Illinois biometric privacy lawsuits against employers continue as proposed amendment stalls
Numerous biometric data privacy infringement cases continue to wind their ways through U.S. state courts, and are unlikely to stop soon, with proposed legislation that would have stemmed the tide in Illinois stalling at committee.
The proposed legislation would have ended the right of private action under Illinois’ Biometric Information Privacy Act (BIPA), which JD Supra reported would sound a “death knell” for the wave of class action suits under the statute. A procedural deadline of March 28, 2019 had been set for the committee’s report on SB2134, but was passed without action, which Sheppard Mullin Associate Shawn Fabian wrote in a blog post typically means the legislation will go no further.
Fabien suggests employers should ensure they have established a retention schedule and deletion procedure and followed all other statutory requirements of the Act.
Nearly 30 new BIPA suits have been filed so far in 2019, after the state’s Supreme Court clarified the “harm” criteria of the act in a landmark January decision.
A Daily Herald article by Ice Miller LLP Attorneys Reena Bajowala, Isaac Colunga and Martha Kohlstrand calls BIPA “a magnet for plaintiff’s attorneys” because of the stiff monetary compensation for violations.
“Companies that collect biometric data should immediately take steps to implement a BIPA compliance program,” the attorneys write.
A good compliance program ensures adherence to BIPA’s operational requirements, establishes a policy disclosing the purpose of the biometrics use, and obtains written release based on full disclosure.
BIPA cases roll on
Clothing retailer H&M is facing a potential class-action suit under BIPA for violating the requirements for its fingerprint biometric employee time and attendance system, The Fashion Law reports.
Former H&M employee Kenyetta Slater alleges that the system put employees at heightened risk of identity theft, and that it failed to meet its statutory requirements to create a publicly available written policy for employee data, and to obtain employee consent. Slater also alleges that the data was shared with a third party – the time and attendance system vendor.
H&M filed a motion to dismiss the complaint, claiming that it does acquire consent from employees, and that it does not store any biometric data itself.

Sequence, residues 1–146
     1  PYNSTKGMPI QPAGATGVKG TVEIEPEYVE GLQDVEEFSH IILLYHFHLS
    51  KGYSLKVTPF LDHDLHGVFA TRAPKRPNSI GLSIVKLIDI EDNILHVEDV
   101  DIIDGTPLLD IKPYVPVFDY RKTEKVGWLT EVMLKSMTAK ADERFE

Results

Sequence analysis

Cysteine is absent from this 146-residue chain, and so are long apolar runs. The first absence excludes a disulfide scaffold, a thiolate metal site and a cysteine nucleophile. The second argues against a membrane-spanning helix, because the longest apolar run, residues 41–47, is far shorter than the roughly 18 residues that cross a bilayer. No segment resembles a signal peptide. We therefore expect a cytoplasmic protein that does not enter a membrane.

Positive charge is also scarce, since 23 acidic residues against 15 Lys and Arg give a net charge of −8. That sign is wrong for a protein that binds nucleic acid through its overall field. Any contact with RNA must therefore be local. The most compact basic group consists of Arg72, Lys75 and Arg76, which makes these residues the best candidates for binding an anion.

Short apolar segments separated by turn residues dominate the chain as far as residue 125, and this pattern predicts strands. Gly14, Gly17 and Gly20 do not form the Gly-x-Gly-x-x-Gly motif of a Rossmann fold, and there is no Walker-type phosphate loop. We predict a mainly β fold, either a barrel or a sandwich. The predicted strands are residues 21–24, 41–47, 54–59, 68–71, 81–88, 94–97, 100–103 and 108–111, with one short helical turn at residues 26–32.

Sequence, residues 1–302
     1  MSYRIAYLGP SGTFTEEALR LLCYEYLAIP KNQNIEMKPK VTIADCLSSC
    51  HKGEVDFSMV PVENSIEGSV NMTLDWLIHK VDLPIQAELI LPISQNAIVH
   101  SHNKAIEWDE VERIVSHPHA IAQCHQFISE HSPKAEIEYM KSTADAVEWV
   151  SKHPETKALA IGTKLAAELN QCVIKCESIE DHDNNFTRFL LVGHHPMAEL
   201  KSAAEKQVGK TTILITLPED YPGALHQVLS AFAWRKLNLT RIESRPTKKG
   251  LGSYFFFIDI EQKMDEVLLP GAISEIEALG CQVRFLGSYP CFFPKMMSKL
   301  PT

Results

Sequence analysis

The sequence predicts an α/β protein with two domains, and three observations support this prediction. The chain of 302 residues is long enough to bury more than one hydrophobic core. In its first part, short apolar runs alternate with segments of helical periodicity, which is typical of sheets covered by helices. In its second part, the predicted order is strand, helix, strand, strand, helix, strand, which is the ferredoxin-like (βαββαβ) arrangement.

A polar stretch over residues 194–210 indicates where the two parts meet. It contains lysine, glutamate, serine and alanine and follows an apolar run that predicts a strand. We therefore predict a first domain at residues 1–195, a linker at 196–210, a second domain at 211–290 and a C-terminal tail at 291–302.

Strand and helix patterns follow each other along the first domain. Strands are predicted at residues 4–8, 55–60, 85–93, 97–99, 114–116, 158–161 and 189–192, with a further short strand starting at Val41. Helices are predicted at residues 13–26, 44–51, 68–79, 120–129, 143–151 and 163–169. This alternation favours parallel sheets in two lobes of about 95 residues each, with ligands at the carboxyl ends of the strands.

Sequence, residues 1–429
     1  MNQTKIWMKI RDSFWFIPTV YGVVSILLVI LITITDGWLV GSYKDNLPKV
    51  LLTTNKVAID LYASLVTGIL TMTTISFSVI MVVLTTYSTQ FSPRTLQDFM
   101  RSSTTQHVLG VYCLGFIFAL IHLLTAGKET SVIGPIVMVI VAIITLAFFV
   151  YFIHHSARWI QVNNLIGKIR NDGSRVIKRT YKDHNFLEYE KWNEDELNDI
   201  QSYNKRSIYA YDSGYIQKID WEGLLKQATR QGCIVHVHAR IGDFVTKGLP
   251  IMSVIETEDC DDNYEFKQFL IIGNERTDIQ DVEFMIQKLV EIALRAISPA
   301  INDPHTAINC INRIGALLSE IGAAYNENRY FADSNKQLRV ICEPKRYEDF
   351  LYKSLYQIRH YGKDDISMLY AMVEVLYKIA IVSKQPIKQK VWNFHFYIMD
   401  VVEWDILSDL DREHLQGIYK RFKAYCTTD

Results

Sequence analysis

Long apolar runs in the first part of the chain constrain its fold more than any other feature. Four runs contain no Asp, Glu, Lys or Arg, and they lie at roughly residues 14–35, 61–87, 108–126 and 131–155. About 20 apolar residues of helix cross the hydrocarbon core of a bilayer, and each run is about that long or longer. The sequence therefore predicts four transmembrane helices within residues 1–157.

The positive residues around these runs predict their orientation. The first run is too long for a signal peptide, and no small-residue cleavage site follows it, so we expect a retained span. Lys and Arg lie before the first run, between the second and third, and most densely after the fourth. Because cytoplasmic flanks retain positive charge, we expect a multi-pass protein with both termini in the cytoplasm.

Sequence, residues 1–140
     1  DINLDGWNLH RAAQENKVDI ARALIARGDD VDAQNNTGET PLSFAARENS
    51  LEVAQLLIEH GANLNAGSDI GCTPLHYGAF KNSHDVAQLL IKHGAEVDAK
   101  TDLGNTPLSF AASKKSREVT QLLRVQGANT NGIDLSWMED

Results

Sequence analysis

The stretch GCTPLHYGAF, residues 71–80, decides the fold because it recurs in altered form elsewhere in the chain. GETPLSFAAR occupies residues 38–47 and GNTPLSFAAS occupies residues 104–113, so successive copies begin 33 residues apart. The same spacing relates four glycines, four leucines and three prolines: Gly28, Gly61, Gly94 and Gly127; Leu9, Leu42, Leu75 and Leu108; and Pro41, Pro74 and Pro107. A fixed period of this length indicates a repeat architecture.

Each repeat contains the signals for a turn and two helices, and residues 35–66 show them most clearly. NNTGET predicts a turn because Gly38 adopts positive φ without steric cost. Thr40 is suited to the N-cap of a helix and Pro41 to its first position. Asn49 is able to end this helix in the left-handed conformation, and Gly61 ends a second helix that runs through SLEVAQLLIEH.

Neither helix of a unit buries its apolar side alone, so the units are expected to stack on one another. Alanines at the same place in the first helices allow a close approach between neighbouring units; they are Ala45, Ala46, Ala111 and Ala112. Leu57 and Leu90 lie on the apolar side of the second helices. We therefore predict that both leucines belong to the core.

Claims brought under BIPA are not disputes over wages and hours, and employees filing claims under the statute do not have to pursue them through arbitration, an Illinois appellate panel decided, according to Law360. The Four Seasons hotel chain had sought to have a class-action suit thrown out on grounds that its use of a biometric time and attendance system makes the dispute a “wage-and-hour” matter, and therefore subject to arbitration under a collective bargaining agreement. The appellate court ruled the complaint is a matter of privacy.
“In short, the act is a privacy rights law that applies inside and outside the workplace,” according to the panel decision. “Simply because an employer opts to use biometric data, like fingerprints, for timekeeping purposes does not transform a complaint into a wages or hours claim.”
Little Caesars, meanwhile, says a complainant in a proposed class action suit against it under BIPA consented multiple times to registering her fingerprint with the company, despite the compliant alleging that BIPA’s consent requirements were violated, Law360 reports.
Employee Nivea Lenoir filed the suit 13 days after going through a process that the company says includes opting in to the fingerprint biometric timekeeping system. The company also claims the suit is barred by exclusivity provisions in the Illinois Workers’ Compensation Act.
A suit brought against Shutterfly by a Florida resident has been dropped, meanwhile. MediaPost reports that a case brought in 2016 by Florida resident Alejandro Monroy, whose picture was allegedly uploaded to the service in Illinois and subsequently “tagged” with his name using biometrics, has been dropped without settlement.
Shutterfly had previously sought to have the case thrown out on the grounds that faceprints applied to photos do not qualify as biometrics captured from an individual. The reason the suit was dropped at this time is not publicly known.
Shutterfly did previously settle a separate BIPA suit in 2016.